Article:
As a legislative solution, the town of Dewey Beach has been working to pass a new ordinance and design standards that can help the town better regulate wireless infrastructure.

Just last week, the town passed the most recent update of this ordinance, which primarily sets a process for obtaining permits for wireless facilities. When commissioners voted to unanimously approve this ordinance on Dec. 2, they updated it to include a daily penalty fee of $500 for anyone who violates the ordinance.

The ordinance also sets basic height requirements for poles and prohibits wireless companies from installing any structures on residential properties, beach dunes and sidewalks — unless they can be placed on a sidewalk and still comply with the Americans with Disabilities Act.

Going beyond those initial aesthetic guidelines, the commissioners approved a more detailed set of design standards at that meeting, as well.

While this sets Dewey Beach on more solid ground when defending its views from unsightly wireless communication poles, and the settled lawsuit provides hope for the relocation of five poles, the battle does not seem over quite yet.

For one, the town still has seven poles that are not affected by the settlement.

Additionally, Dewey Beach has yet to come to a final agreement with the Delaware Department of Transportation over who controls the town’s public rights of way when it comes to regulating wireless infrastructure.

But if the town and its residents have shown anything over the past year, and earlier, it’s that they’re not afraid to take a stand for Dewey Beach and its landscape.

©2021 Dover Post, Distributed by Tribune Content Agency, LLC.

American opposition to 5G and lawsuits filed against deployment has been ongoing for years due to a variety of significant risks associated with the technology including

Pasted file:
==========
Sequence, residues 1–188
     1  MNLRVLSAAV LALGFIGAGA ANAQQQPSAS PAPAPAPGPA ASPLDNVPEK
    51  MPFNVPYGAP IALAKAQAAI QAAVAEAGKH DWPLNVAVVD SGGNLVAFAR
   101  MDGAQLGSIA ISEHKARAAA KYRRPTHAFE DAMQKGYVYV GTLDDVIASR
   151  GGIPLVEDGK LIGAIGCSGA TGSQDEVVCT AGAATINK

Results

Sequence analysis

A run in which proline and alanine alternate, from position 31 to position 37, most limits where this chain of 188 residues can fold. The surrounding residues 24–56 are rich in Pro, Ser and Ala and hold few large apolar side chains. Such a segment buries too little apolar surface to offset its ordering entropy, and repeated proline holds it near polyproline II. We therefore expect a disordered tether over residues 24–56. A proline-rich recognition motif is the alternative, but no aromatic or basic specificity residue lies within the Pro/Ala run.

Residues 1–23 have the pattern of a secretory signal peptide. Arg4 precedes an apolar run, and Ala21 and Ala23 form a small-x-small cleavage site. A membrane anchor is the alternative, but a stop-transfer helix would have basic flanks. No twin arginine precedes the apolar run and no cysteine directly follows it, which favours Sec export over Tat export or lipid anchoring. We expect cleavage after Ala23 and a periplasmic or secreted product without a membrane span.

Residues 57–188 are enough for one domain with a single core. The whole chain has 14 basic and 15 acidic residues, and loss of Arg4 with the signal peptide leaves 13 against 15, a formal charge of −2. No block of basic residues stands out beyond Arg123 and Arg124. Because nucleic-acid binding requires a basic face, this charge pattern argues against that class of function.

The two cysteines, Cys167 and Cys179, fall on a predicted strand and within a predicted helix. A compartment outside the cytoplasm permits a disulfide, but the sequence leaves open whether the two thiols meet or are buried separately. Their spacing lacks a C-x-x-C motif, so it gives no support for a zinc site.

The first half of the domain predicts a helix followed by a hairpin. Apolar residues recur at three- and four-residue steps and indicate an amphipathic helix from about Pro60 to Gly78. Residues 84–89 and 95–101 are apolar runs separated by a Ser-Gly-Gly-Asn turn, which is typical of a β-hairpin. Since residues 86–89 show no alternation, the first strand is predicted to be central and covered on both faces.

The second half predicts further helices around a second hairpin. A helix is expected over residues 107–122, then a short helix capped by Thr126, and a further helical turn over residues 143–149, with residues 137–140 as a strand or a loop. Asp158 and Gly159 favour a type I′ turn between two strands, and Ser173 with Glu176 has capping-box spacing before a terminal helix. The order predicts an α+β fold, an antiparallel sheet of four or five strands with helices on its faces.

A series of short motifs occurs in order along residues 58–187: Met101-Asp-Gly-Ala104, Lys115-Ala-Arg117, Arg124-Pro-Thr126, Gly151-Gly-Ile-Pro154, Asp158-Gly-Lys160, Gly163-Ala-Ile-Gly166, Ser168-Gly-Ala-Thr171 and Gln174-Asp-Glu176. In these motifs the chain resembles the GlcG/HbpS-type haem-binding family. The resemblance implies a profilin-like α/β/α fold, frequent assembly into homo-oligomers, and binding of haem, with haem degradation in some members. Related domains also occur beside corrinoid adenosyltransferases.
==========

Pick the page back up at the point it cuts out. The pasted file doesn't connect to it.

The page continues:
In fact, last month AT&T and Verizon agreed to delay U.S. deployment until January as well as limit it for six months due to considerable aviation safety risks from 5G frequencies in the C band.  Nevertheless, Verizon has announced its plans to unleash more 5G in the C band early next year.

In regard to service, studies have already determined that 4G is still better, more reliable, and safer than 5G (see 1, 2, 3, 4, 5).  At least one survey has also determined that consumers prefer internet reliability over speed.

Opposition to 5G is worldwide and the majority of scientists oppose deployment.  Since 2017 doctors and scientists have been asking for moratoriums on Earth and in space (see 1, 2).  Since 2018 there have been reports of people and animals experiencing symptoms and illnesses after it was installed (see 1. 2, 3, 4).  Of course there are also health and environmental risks associated with 4G infrastructure too.  In August 2021, a federal court ruled in favor of petitioners who sued the Federal Communications Commission (FCC) for not protecting Americans from harmful wireless radiation exposure which includes 5G.  More recently, petitioners submitted a new filing asking again that the FCC review scientific evidence and establish protective radiation exposure limits.  Unfortunately the Biden administration isn’t just turning a blind eye to all of the above, the Infrastructure Bill supports additional funding for more 5G deployment including via satellites and similar vehicles.

Activist Post reports regularly about the 5G and other unsafe technology.  For more information visit our archives and the following websites: